Attitudes and Beliefs about the Therapeutic Use of Psychedelic Drugs among Psychologists in the United States

This survey study (n=366) among clinical psychologists finds cautious optimistic attitudes towards psychedelics as medicines. Most psychologists indicate that they lack education or knowledge of effectiveness surrounding treatments with psychedelics.

Abstract

“Psychologists are a vital component of mental health treatment and their perceptions of psychedelic-assisted therapy are critical for future implementation. This cross-sectional quasi-experimental electronic survey study explored the attitudes about psychedelics used in treatment among 366 clinical psychologists in the United States. Participants expressed cautiously favorable attitudes toward therapeutic psychedelic experiences but indicated concern about possible psychiatric and neurocognitive risks. Most participants indicated that they lack an understanding of the full range of effects of psychedelics, would need to seek out additional consultation, and endorsed positive beliefs in the potential of psychedelic treatment and the need for further research. Overall, this research identified the need to increase education and training about psychedelics for psychologists in order to help increase knowledge and reduce stigma about psychedelic therapies.”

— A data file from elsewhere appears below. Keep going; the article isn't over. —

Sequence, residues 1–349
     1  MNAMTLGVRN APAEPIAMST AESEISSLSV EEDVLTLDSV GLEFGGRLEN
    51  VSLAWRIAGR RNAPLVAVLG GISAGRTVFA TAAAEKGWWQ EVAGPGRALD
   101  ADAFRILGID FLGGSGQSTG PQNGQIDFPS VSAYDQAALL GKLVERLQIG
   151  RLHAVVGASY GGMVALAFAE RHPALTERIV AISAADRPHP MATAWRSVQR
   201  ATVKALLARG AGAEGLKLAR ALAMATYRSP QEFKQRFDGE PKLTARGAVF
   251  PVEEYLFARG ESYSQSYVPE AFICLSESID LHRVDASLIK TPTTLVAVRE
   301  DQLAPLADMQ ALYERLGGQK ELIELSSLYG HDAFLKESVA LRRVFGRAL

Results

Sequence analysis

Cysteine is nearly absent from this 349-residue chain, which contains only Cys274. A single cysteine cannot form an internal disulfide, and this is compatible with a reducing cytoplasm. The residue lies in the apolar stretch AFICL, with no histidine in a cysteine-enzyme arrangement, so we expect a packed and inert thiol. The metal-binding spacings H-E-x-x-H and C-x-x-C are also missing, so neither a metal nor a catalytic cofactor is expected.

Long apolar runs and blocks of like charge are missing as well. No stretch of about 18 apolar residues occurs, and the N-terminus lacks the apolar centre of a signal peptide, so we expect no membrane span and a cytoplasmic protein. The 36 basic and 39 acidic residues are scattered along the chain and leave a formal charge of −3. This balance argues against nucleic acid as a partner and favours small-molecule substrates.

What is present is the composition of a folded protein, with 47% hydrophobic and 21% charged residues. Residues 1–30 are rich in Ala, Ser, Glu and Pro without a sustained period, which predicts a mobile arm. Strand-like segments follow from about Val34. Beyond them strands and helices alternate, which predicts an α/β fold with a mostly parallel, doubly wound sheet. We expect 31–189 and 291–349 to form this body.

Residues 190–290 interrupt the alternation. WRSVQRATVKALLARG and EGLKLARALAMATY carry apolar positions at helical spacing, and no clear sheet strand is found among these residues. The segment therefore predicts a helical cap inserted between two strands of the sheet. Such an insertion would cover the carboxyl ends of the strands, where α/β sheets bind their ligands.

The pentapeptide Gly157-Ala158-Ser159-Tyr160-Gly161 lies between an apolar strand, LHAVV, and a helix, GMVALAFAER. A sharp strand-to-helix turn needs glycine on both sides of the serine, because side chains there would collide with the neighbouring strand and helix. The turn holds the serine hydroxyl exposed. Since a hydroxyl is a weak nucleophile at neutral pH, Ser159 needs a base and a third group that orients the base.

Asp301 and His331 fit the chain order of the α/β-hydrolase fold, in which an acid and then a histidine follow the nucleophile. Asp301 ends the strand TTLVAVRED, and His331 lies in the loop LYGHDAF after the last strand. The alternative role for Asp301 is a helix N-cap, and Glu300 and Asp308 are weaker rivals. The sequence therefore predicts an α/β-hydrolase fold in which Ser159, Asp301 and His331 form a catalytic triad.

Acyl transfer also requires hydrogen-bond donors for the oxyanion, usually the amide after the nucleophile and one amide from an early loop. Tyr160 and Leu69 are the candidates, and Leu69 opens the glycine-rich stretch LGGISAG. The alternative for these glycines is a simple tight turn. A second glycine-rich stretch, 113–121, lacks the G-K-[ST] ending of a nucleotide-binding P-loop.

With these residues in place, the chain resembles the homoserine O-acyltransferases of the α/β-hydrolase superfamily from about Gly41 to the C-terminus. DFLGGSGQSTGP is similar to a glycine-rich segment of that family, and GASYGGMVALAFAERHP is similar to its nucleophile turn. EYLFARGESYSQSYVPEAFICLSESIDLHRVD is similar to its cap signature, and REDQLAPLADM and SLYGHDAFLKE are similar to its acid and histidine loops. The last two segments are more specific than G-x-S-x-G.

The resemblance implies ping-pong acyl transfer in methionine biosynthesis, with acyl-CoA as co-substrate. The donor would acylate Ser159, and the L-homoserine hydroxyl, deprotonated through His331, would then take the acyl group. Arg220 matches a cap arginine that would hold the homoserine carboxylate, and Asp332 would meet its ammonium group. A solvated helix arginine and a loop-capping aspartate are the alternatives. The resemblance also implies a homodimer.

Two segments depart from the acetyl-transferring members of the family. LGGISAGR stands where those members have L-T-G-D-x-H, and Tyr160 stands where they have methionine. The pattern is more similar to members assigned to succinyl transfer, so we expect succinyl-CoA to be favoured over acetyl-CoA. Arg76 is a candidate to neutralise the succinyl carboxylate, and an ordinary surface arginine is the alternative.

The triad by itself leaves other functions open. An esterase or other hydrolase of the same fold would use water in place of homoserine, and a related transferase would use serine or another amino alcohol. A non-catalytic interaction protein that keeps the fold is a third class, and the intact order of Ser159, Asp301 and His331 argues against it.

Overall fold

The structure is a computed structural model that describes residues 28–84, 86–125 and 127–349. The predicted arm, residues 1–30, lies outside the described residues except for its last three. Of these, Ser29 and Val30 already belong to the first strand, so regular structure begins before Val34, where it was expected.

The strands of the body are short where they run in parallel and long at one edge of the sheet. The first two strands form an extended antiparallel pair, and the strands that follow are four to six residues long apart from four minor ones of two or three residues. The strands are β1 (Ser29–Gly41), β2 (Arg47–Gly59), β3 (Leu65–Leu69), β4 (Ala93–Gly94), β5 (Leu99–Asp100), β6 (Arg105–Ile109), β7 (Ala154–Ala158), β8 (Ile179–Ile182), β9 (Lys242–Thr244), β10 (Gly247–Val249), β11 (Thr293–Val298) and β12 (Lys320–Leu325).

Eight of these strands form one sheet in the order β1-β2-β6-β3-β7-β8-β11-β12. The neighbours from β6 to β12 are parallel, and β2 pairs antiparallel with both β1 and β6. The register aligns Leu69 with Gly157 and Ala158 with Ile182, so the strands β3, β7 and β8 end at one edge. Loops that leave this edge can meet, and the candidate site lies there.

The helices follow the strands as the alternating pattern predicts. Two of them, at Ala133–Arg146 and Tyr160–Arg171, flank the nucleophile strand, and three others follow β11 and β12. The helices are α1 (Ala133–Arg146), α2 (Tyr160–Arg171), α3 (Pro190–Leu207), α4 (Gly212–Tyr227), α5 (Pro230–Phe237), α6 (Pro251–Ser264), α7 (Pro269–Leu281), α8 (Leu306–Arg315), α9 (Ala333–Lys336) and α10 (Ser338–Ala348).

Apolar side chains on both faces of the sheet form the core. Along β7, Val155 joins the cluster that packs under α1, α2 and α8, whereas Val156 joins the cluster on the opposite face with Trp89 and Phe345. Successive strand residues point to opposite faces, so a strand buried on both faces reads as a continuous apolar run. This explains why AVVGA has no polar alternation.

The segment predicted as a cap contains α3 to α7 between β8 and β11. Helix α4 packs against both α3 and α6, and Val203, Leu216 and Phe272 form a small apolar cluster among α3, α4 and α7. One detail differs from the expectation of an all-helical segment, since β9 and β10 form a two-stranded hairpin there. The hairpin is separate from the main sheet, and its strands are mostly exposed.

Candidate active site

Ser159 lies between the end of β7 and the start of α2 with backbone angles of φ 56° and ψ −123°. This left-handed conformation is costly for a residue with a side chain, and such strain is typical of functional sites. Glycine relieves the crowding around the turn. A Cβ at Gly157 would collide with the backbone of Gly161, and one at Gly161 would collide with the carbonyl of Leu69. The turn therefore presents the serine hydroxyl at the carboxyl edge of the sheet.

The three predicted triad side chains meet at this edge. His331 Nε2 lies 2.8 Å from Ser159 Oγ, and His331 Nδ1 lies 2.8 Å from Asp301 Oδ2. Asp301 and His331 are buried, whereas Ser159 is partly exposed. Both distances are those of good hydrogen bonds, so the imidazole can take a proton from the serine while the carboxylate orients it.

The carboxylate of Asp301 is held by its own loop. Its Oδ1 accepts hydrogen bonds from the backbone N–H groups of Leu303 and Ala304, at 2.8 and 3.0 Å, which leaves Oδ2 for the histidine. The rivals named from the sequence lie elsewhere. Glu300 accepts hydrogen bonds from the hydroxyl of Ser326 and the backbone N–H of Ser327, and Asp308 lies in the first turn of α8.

Authors: Alan K. Davis, Gabrielle I. Agin-Liebes, Megan España, Brian Pilecki & Jason B. Luoma

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Study details

Topics studied
Safety Equity and Ethics

Study characteristics
Survey

Participants
366

Authors

Authors associated with this publication with profiles on Blossom

Alan Davis
Alan Kooi Davis is an Assistant Professor of Social Work at The Ohio State University and Adjunct Assistant Professor in the Center for Psychedelic and Consciousness Research at Johns Hopkins University.

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